In the last couple of years I’ve been using social media less and less. I could go on and on about the reasons why, but it’s a mix of:
- Everything in the Nicholas Carr book The Shallows: What the Internet is doing to our brains.
- While it can be an effective means of maintaining connection with friends and geographically distant family, it also seems to amplify toxic and dysfunctional relationships.
- It’s created a space where massive political and religious rifts have opened up and destroyed otherwise decent friendships; had the political discussions taken place in the context of face-to-face conversation, instead of in comment threads, there would likely have been more grace and less anger.
- I’m happier when I read actual books, and not facebook…
So, what do I do when I’m not checking my social media accounts at five minute intervals? I can’t possibly list it all here but it includes all sorts of amazing things, like actually talking to my children; playing with my pets (not just taking photos of them); spending time in the garden – I hadn’t even realised that I had a pot of flowering miniature daffodils in bloom already until I let my friends know I wouldn’t be on facebook or instagram for a while and logged out of my accounts and stepped into the front garden for the first time in ages; working on my creative writing (NaNoWriMo is only three months away, so it’s time to plan!); I paint and draw; take the kids down to the public library and spend longer time there just unhurriedly perusing the shelves – they have terrible phone reception there so I can’t check my notifications, so sometimes the temptation is to rush through the experience; playing my guitars and ukulele; listening to music for the sheer joy of it, and not just so I can say, “Check out what I’m currently listening to”; I do much-needed maintenance work on my RedBubble online art portfolio; instead of reading emails while waiting for the kids to finish piano lessons, I did some Sudoku puzzles and it was good; I go through the huge stockpile of library books and books borrowed from friends; I listen to lecture videos and theology podcasts and classical music radio; I meet up with in-real-life friends and we go have coffees and talk about things that matter; I do housework; I play video games and it is fun (Age of Empires III for PC and Townsmen for iOS are my current go-to games); I help the kids with their homework; I harvest fresh food from the veggie garden (currently producing heritage lettuce, kale, rosemary, mint, lemons, mandarines, cat nip, potatoes and fennel); I meditate and practice yoga and mindfulness (recent additions to my life); and, as you may have noticed, I blog more consistently. I’m sure there’s more, but I can’t think of it right now.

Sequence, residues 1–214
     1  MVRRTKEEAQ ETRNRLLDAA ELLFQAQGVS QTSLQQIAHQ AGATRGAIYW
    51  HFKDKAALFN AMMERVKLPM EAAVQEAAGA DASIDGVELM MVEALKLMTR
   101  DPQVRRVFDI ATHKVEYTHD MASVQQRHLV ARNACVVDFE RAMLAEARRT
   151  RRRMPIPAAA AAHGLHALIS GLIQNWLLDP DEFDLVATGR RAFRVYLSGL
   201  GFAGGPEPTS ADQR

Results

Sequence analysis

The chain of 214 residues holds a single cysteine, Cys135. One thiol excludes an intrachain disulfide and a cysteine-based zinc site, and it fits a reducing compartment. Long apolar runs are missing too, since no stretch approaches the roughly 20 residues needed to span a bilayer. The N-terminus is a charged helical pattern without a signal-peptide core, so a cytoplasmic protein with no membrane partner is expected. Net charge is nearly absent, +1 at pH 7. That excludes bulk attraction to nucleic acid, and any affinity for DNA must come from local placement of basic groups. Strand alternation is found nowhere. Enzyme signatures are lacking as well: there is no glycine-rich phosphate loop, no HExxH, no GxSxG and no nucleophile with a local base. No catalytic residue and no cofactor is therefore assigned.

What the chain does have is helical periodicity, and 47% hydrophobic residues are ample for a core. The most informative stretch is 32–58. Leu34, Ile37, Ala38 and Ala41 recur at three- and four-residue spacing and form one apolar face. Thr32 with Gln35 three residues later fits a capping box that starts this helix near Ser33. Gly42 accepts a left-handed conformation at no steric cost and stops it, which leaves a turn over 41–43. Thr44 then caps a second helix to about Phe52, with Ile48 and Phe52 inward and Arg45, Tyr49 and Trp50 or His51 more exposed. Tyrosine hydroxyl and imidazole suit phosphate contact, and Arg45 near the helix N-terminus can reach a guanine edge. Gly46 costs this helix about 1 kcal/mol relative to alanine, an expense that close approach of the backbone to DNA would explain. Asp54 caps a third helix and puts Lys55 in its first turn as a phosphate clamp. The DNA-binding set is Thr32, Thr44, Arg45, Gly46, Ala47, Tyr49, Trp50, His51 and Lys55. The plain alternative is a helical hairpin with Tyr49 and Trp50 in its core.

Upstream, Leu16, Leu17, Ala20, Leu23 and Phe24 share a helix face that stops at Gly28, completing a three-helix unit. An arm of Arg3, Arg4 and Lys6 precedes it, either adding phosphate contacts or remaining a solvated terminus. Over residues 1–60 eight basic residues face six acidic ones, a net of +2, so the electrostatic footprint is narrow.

I know that my friends (very kindly) say they miss my stream of consciousness postings on their social media feeds, but I also know that I’m a much happier, calmer, friendlier and more productive human when I put strict limitations on the amount of time I spend on social media. Unfortunately I’m one of these all-or-nothing types, who struggles to balance my apparent addiction to distraction with real life, so outright fasting from social media works better for me than, say, being the kind of person who can check it a few minutes a day and then ignore it. So until I find that balance I’ll stick with cycling through seasons of fasting and using social media.